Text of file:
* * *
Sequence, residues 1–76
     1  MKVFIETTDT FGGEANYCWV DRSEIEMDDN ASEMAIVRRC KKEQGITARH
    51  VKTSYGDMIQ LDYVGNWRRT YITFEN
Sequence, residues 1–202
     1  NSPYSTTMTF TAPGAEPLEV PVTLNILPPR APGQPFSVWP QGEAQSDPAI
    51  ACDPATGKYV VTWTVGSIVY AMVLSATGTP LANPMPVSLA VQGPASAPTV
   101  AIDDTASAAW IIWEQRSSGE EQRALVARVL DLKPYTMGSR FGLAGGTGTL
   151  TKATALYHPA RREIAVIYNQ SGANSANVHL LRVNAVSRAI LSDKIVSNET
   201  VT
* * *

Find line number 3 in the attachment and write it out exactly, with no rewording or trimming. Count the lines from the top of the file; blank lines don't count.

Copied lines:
    51  VKTSYGDMIQ LDYVGNWRRT YITFEN